On your wanderings, you’ll come upon lovely bars and cafes, some of which fill with the melancholy strains of live fado after dark. The late, great fado singer Carlos do Carmo, on his landmark 1997 アルバム, Um Homen na Cidade (A Man in the City), intones on the title track, “I grab the dawn, as if it were a child … I go down the street of the moon.” The Portuguese capital is at its best at the top and bottom of the day, before the streets steam with people and sunshine. Lisbon has suffered the woes of overtourism in recent years. Do Carmo’s album namechecks many city landmarks and if your Portuguese is up to it, you might try out a situationist experiment and use fado lyrics as your map and guide – it’s sure to take you away from the hubbub.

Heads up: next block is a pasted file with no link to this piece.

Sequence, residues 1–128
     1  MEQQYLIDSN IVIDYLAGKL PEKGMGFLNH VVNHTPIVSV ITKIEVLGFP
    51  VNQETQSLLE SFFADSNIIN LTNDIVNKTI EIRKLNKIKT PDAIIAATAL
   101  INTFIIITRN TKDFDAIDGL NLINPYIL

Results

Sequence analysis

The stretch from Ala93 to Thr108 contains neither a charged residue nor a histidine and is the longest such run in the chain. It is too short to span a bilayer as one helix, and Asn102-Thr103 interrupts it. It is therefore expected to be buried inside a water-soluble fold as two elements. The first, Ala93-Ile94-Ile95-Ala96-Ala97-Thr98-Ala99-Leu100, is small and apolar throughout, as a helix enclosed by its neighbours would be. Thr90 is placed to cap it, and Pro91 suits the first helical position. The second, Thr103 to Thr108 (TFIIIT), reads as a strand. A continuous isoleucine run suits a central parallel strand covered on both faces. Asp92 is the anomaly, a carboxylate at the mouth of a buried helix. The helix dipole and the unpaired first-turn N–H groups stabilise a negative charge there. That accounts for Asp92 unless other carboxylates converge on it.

A local academic told me that Søren Kierkegaard always enjoyed walking on the shady side of the street. Even if it’s an apocryphal anecdote, it chimes with the moodier, morose side of the famous Danish theologian and proto-existential philosopher. For all that, he did once write, “Above all, do not lose your desire to walk. Every day, I walk myself into a state of wellbeing and walk away from every illness. I have walked myself into my best thoughts, and I know of no thought so burdensome that one cannot walk away from it.” His home city, famous as being among the most cycle-friendly in the world, is also kind to those who take off on two feet.